Now that fall seems to have arrived decisively, the dress code here is all sweaters, bib overalls, and wool hats. Plus rain gear and muck boots. The harvest goes on, whatever the weather.
It’s not just the weather that’s been heralding the new season. Two weeks ago, a flock of sandhill cranes glided low over the field, bugling their strange, ancient cry back and forth to each other. I’ve already written about the wasps and the bees hustling up the last of summer’s sweetness before the cold drops down on them. And I haven’t checked lately if the bats in the barn’s loft have left to hibernate, but, if not, I expect they will soon.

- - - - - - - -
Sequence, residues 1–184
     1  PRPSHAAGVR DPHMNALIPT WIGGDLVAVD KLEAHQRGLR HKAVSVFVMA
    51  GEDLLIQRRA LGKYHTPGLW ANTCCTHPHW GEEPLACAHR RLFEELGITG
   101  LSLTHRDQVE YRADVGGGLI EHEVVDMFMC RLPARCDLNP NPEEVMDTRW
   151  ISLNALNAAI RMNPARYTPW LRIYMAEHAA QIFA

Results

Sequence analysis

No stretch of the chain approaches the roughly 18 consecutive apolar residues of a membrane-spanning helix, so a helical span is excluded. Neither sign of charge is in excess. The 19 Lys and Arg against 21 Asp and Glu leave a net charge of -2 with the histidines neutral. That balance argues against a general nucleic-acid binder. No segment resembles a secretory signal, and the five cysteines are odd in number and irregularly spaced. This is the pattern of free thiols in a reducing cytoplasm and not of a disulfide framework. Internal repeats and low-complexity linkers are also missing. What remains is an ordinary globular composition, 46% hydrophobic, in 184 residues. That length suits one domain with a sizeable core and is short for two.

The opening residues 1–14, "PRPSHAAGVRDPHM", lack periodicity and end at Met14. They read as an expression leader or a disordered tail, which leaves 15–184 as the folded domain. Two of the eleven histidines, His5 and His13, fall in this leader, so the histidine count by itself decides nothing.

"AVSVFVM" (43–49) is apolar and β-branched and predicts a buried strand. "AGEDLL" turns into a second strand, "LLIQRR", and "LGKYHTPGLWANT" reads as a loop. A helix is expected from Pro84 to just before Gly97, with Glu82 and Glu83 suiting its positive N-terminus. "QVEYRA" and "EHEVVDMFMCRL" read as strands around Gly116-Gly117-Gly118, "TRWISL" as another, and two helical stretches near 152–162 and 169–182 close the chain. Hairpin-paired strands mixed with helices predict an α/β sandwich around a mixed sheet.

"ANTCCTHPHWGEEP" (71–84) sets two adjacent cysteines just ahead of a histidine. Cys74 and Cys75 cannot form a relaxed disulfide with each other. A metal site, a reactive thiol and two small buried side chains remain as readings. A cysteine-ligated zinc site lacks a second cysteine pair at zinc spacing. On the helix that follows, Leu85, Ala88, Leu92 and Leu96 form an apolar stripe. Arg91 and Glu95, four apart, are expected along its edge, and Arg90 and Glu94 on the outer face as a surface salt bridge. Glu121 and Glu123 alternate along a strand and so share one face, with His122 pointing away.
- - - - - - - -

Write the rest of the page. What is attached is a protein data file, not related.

We’ve had a couple of mornings with patchy frost—the latest one this morning, light enough to only blacken and crisp the tops of the most cold-sensitive plants in the field. The pods of the milkweed are starting to open and send their wispy seeds along in the breeze. By the barn, the leaves on the sumac are starting their annual fire-red show, and all along the edge of the field, the trees are just starting to turn color.
Signs abound all around us. And though the days grow short, and the light dims, there are yet glories here to witness.